The Birth of the Array: Part 4
The date is 1 June 1875… “Come here Mr Watson, I need your artisan ministry to alleviate the constrictive impediment of this redundant bottle top eradication apparatus!” As Alexander Graham Bell struggled with the faulty bear bottle opener, his beer roadie, Mr Watson couldn't hear him in the next room. The Scottish engineer gave up on the beer and went back to the traditional health giving properties of Scotch. He considered that, what he really needed was “a contrivance of electrified wires for the purpose of telegraphing speech”. The next day he invented the telephone, and Watson never heard the end of him.
Mr Bell demonstrating to Mr Watson his new Scotch-decanting device.
The world's first and very wooden intercom
Part of the new invention was an electro mechanical transducer that could convert the electrical energy of voltage and polarity oscillations of an electrical flow, into a mechanical motion capable of moving the air, in a manner that imitated the variations in the electrical flow. This device could also work in reverse in that vibrating air could induce a similar electrical current flow that could intern, be converted back into mechanical energy at the other end of the wire. Thus both the microphone and speaker were born and it was then only a matter of time before someone would be standing up yelling 1–2 testing.
This harks back to the history lesson at parts one and two of The Birth of the Array . Well let's now jump forward to the conventions of now. Just as a sports car has always had the internal combustion engine in the front and the trophy chick in the passenger seat, early speaker system designers discovered that you have to connect the ‘noise motor', to the environment efficiently if you want to get a viable energy transfer.
Think of it like this; like hot sports cars, it's about matching the engine to the transmission and suspension system. A big motor in the wrong body isn't going to perform. It's even more important if you want to get anything but noise from a loudspeaker. So let's take apart some speaker boxes.
The Speaker Box: Why a box?
This style of commonly available speaker is called a 2-way or full range speaker box. It has a horn-loaded tweeter for the high frequencies and a mid-low frontal radiating speaker for the mid-low frequencies. A ‘passive' crossover sends the appropriate frequencies to the correct speaker components. You may ask, “why a box, why not just in free air, and what are the holes in the front for?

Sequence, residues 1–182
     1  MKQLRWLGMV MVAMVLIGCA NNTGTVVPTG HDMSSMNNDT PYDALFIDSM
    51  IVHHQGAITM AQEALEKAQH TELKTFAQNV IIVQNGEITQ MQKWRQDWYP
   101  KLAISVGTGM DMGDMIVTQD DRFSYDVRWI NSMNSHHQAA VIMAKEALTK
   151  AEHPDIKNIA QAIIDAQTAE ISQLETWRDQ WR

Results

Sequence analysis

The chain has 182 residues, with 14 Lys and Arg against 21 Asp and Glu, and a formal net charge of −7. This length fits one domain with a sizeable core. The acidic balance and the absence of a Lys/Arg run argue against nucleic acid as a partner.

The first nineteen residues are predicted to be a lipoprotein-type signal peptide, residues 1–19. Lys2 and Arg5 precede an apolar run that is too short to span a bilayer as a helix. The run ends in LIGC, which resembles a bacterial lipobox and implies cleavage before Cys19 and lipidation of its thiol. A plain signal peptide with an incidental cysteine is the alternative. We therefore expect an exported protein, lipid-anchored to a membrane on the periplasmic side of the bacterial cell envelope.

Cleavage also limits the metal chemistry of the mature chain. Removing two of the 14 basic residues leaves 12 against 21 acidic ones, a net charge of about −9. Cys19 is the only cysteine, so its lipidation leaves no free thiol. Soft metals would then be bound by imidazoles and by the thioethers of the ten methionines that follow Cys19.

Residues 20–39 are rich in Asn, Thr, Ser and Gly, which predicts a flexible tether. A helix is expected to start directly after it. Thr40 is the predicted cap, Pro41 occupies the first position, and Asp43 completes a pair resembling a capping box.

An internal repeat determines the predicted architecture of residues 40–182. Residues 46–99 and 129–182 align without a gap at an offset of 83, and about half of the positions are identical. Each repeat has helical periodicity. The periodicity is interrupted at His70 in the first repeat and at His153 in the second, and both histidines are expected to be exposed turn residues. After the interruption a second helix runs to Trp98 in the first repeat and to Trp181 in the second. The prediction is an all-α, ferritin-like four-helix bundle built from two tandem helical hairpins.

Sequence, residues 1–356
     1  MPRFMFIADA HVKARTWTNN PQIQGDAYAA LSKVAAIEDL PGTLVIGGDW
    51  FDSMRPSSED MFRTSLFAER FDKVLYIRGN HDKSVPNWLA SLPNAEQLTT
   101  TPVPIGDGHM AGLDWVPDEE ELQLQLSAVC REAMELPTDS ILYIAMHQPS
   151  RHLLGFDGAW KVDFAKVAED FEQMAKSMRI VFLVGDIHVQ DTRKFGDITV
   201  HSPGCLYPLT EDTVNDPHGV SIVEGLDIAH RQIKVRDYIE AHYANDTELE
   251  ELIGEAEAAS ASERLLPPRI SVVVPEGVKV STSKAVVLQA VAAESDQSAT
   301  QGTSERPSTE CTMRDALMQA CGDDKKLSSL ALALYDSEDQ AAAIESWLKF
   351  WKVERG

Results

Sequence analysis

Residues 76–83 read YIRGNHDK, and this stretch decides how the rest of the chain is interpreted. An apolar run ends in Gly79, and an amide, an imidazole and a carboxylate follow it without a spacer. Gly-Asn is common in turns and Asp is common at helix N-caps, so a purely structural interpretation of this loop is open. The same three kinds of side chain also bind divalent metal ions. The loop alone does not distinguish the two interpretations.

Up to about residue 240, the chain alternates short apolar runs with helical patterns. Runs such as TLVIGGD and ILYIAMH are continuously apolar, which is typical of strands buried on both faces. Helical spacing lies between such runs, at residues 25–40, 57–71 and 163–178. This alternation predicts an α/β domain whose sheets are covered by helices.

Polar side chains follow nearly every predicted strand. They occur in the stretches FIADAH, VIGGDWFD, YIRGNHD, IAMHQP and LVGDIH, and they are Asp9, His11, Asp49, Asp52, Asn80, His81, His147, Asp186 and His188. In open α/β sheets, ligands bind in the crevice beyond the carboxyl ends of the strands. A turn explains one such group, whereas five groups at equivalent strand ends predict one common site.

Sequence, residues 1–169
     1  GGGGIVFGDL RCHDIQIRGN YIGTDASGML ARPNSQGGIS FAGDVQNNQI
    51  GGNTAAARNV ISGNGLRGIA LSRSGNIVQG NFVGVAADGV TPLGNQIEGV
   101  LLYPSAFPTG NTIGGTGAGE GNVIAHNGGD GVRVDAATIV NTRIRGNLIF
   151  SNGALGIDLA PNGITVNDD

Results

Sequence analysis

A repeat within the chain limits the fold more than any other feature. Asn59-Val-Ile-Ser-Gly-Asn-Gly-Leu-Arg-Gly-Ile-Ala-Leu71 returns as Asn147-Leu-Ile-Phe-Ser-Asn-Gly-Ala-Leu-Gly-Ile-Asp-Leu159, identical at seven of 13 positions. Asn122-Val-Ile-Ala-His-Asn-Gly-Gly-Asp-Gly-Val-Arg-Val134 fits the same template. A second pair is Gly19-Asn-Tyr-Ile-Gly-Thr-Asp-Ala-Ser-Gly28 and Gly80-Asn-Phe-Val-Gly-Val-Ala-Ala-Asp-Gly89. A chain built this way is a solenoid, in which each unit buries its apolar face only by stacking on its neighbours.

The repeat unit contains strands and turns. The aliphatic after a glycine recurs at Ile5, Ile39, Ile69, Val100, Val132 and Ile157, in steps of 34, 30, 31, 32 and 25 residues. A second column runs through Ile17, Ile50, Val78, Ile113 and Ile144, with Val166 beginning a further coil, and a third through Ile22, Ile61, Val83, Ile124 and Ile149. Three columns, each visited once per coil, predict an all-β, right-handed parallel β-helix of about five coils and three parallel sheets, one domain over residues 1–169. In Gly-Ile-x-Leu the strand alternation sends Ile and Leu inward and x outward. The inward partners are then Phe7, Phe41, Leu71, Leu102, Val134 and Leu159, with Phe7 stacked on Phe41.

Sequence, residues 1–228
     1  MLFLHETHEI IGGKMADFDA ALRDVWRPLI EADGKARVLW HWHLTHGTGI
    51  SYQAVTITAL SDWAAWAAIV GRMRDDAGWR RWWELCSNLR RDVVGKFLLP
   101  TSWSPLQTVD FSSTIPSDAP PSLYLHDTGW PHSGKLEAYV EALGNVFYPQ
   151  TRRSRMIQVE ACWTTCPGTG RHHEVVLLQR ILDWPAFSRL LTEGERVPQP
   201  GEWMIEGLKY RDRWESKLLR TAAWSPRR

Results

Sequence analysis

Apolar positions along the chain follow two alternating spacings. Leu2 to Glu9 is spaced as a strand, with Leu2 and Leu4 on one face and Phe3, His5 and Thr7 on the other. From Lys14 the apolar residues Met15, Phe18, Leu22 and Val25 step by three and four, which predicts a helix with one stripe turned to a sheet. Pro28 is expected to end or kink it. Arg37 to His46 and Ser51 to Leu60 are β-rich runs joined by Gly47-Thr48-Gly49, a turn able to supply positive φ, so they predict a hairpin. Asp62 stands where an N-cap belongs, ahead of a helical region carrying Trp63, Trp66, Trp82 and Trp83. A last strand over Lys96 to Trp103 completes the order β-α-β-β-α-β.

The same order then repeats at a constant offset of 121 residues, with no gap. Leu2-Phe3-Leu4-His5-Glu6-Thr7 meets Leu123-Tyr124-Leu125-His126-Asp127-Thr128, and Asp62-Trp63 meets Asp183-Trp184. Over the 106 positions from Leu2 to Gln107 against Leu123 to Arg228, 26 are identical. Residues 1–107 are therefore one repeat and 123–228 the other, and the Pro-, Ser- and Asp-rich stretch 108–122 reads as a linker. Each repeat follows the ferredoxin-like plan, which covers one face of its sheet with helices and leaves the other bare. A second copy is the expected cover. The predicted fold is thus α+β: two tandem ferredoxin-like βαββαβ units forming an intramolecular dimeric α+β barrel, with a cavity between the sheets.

Here we have a bass box - just one speaker for reproducing low frequencies. We could just have a small sealed box and it would produce low frequencies. So why put a big hole in the front. Let's look at the speaker first and how it works
Most loudspeakers are really an Electro-Magnetic motor
A loudspeaker is a form of AC electric motor with a cone attached to transfer the mechanical motion of the motors output, to acoustical energy. It consists of a coil of wire set in a permanent magnetic field. When current flows through the wire, the wire becomes momentarily magnetised.
Wire to voice coil: The coils magnetic field is either attracted to or repelled from the magnet, depending on whether it is a positive or negatively charged field. Since the incoming signal is alternating continuously, the cone is vibrating hundreds or thousands of times a second.
So you see there is not much too how it works but the devil and money is in the detail of how to get it to sound good.
An oldie but goldie. This Altec 604 driver was an attempt at full-range point source sound. It has a top-end driver mounted on the back firing down a horn through the centre of the driver. The English company Tannoy built something like as well. They both sounded great and their well over 50 years old.
The dual concentric driver in all its cutaway glory. A fine piece of precision engineering that would have cost several weeks wages in 1949. There are Hi-fi enthusiasts today that still say there's nothing better for orchestral reference. Some others might say this design is old world enough to live in an Amish community.